Major figures

Jean-Pierre Melville, François Truffaut, Jean-Luc Godard, Claude Chabrol,

Éric Rohmer, Jacques Rivette, Alain Resnais, Agnes Varda, Jacques Demy


This was a movement that came into forceful being by the early 1970s although its roots go back to the early 1960s when inspired by the Nouvelle Vague, 26 young filmmakers and film critics signed the Oberhausen Manifesto in 1962. The manifesto declared its intention to create the new German feature film and promised the birth of a new cinema that would be international. This movement was directly politically motivated.

It must be remembered that the Berlin Wall was erected in 1961, effecting the division of Germany into two distinct parts—the capitalist West Germany and the communist East Germany.

New German cinema emanated from West Germany. Unlike films from East Germany, it was a cinema which attempted to come to terms with the nation’s recent past, namely the Nazi era. The motivation of the New German cinema was to give a renewed credibility to the cinematic apparatus and industry after the abuse it had received under the Nazi rule as a propaganda tool.

The new cinema strove for authentic documentary and its style was one of grainy realism.

In economic terms, this new and resisting cinema emerged at the very moment when the industry itself was in decline due to a major drop in audience numbers, thanks to the increased consumption of television sets. German audiences showed very little interest in this new indigenous product. It was left to the French and American audiences to appreciate this new and strongly politicised cinema.

Major figures

Rainer Werner Fassbinder, Werner Herzog, Wim Wenders,


Educated at FAMU, the Czech state film school, previously unknown filmmakers such as Milos Forman, Vera Chytilova, Jiri Menzel, Evald Schorm, and Jan Nemec began to dominate the festival circuit, creating an incredible concentration of films that ran from the politically oppositional to the lyrical to the realist to the surreal. The Czechoslovak filmmakers of the ’60s rejected the official state socialist-realist aesthetic and produced eclectic, technically skillful, and highly assured features that captured the world’s attention and resulted in two Hollywood Oscars for Best Foreign Film (The Shop on Main Street in 1965 and Closely Watched Trains in 1967). The vibrancy and experimentation of the “Czech Film Miracle,” as it is often called, reached something of a peak in the Prague Spring of 1968, when Alexander Dubcek became first secretary of the Czechoslovak Communist Party and instituted his policy of “socialism with a human face.” Prague Spring represented the culmination of a period of social and cultural democratization in Czechoslovakia (provoked in no small part by the ingenious and iconoclastic filmmaking of the period) and the liberal policies of the Dubcek regime afforded filmmakers unprecedented artistic freedom. Sadly, Prague Spring and the creativity it fostered came to an abrupt halt in August 1968, when Soviet tanks rolled into Prague and began the process of “normalization.” The Soviet invasion spelled the end of the Czechoslovak New Wave and the end, or temporary halt, to the careers of many of its finest directors. However, before its premature conclusion in the summer of 1968, the Czechoslovak New Wave produced a throng of daring and enduring films and remains one of the most fertile and original “new waves” in the history of film.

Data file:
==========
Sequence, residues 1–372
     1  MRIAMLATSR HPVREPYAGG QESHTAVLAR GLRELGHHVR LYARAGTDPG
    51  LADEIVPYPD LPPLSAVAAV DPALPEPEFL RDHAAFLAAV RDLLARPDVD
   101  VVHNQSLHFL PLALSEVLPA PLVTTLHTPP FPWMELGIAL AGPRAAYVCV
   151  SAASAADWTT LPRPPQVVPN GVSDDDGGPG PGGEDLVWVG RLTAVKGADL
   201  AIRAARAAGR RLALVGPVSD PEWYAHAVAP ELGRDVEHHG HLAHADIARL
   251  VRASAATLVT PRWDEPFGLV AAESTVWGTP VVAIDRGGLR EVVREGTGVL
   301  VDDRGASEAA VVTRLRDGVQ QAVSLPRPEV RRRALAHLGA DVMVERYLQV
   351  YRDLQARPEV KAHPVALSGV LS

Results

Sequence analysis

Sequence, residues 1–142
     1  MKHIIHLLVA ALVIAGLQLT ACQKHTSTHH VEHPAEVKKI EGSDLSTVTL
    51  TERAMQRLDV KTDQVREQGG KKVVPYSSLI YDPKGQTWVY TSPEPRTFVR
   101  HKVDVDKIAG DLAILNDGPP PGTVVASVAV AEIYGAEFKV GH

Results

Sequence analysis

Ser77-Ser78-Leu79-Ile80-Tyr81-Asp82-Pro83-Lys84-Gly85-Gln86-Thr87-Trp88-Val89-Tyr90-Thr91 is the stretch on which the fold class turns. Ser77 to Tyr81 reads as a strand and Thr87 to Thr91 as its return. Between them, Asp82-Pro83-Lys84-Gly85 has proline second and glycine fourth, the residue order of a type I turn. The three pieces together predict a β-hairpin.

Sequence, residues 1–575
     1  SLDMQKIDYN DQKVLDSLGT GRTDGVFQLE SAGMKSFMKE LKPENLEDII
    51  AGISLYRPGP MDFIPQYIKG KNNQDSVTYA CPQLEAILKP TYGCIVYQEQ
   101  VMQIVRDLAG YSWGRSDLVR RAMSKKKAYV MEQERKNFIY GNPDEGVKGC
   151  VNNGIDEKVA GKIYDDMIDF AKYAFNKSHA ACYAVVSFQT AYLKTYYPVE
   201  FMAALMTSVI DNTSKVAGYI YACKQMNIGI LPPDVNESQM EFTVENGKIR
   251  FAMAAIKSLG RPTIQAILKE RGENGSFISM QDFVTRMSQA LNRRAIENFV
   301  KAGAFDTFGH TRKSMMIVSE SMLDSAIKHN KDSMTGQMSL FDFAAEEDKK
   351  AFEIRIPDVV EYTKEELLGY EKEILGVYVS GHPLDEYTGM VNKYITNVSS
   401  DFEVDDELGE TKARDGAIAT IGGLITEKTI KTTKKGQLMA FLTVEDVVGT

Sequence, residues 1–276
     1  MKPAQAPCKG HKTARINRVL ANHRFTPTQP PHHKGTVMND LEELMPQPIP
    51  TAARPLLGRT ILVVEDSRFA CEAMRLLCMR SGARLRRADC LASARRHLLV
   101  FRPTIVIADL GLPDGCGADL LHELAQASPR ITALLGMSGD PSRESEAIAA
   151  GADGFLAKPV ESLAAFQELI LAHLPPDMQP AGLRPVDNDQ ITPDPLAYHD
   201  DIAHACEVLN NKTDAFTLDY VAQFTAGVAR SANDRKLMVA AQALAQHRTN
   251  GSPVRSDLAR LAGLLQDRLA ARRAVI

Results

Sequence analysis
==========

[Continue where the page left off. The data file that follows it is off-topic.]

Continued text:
for more on czech new wave

Also found this nice link-->http://www.criterion.com/asp/explore.asp?id=78

February 2008

This month FIN presents New Wave films from France, Germany and Czechoslovakia.
More on New Wave in the next post.

 5  NOSFERATU-Werner Herzog
7 LE RAYON VERTE-Eric Rohmer
12 VIVRE SA VIE-Jean Luc Godard
19 THE MARRIAGE OF MARIA BRAUN-Rainer Werner Fassbinder
20 PARIS,TEXAS-Wim Wenders
21 THE FIREMEN'S BALL-Milos Forman
26 DAISIES-Vera Chytilova